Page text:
There are other predefined, interesting summary lists, including the religious affiliations of U.S. politicians and other famous people. Many of the detailed statistics and lists are deep in the site, but with some clicking around they can be found. The best lead-in for this is to get to the page that lists 22 of the world major religions and follow the links for most details. You can find revealing statistics at a deeper (but still aggregate) level that are usually not available in the almanacs.
The Britannica Almanac, for example, has details broken down for the six standard ecclesiastical groups of Christians, but has only a single line for Muslims. It does not even break down the data by the two major sects (the Sunnis and the Shi'ites), even though the sectarian division was the pretext for the Iran-Iraq war, as well as for the decimation of the Shi'ite population in Iraq. The table that presents the distribution of the adherents to Islam shows that about 88% are Sunni. One does not need pundits to understand how the minority Iraqi regime could get away for decades with the massacre and brutalization of the Iraqi and Kurdish Shi'ite majority in the country — without condemnation by Arab League members.
The site is rounded out with links to external sites if you need further information.
Beyond the indexes, there is also a search option, but it is the weakest point of the software. It yields a result list that is totally uninformative, showing cryptic URLs that contain your search term somewhere on the humongous pages. You are much better off searching the site using Google as a proxy as its result list will provide context and the cached version of the page is displayed by automatically highlighting the matching words on the page.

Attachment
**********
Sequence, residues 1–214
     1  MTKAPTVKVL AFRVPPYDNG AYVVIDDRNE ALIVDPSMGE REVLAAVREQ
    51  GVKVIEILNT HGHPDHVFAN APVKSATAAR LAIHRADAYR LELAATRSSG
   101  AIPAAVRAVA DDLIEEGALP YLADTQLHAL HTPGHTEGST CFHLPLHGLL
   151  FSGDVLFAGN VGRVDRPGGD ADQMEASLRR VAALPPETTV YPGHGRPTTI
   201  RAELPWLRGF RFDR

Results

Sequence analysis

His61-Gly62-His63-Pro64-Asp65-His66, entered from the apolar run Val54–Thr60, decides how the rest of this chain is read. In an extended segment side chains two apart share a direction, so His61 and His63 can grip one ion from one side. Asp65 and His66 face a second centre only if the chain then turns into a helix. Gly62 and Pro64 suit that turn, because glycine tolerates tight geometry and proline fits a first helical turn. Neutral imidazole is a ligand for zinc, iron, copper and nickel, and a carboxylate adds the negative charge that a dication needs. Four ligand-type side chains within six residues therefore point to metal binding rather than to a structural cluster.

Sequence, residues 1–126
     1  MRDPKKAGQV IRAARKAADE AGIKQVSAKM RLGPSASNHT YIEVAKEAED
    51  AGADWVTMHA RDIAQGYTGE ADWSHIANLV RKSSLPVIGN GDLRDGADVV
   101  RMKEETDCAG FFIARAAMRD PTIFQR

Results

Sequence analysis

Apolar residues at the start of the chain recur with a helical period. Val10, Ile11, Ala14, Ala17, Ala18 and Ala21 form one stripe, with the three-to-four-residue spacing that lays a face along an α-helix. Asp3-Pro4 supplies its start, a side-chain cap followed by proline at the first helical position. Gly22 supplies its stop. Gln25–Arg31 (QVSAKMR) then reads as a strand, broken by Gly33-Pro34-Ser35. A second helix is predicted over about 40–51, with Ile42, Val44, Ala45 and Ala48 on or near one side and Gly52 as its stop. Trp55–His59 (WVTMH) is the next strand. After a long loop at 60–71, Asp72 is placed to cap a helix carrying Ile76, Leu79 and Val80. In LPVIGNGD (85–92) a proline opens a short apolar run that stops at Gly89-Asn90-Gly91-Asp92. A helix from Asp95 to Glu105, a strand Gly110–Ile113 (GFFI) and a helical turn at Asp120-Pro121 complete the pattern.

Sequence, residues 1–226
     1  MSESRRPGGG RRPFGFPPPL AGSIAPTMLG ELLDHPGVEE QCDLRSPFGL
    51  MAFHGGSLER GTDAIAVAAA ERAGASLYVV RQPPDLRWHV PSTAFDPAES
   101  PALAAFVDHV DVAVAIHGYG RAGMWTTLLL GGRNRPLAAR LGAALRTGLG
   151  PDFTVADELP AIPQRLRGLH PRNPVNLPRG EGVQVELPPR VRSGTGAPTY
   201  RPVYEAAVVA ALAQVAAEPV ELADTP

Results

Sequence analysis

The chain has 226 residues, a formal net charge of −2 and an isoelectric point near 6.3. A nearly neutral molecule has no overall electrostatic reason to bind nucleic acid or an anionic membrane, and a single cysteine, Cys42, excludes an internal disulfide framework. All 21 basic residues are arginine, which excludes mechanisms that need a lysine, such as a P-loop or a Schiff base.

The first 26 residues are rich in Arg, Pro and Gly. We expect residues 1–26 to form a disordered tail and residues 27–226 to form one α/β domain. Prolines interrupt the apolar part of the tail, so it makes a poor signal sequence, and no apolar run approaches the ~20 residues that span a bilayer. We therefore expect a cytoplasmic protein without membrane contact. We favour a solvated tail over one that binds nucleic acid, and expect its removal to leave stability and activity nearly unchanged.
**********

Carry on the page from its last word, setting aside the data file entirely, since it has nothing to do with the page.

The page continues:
The underlying problem with the software is that a spreadsheet program was used to record the data elements. Using a spreadsheet must have made the process of entering data enormously redundant. A good text management software with relational database management functions, such as DB/Textworks, could have saved significant amounts of time for manual data entry. It could have also provided authority control for book and journal titles, author names and some other data elements, and presented the data in a more versatile and more efficient way.
The tabular format could have been excellent for at-a-glance identification of key data in the records. However, by forcing the long bibliographic entries and the precious, but even longer, notes and quotations into wrap-around cells of 10-12 positions wide, few tables can preserve the tabular look, many of them practically fall apart, losing the advantage of at-a-glance comparison of related entries.
DB/Textworks could have produced the same tabular look by limiting the wrap-around fields to three rows maximum, making the rest of the content to be scrollable within the cell, and preserving the layout. It could have also offered many advantages, including authority files, look-up tables for recurring values, like often cited authors and titles, and great flexibility in formatting result display and formatting.
While some of the above advantages cannot be exploited with the existing record structuring, it is still possible to load the nearly 45,000 records into a relational database.
This is a worthy project that really does deserve some financing by one of the many publishers that make good profits on religious publications. While at first glance it is a statistical database about religions, it is much more than that. It is a valuable compendium of religion demographics with impressive sourcing, excerpts and notes providing context for the raw data.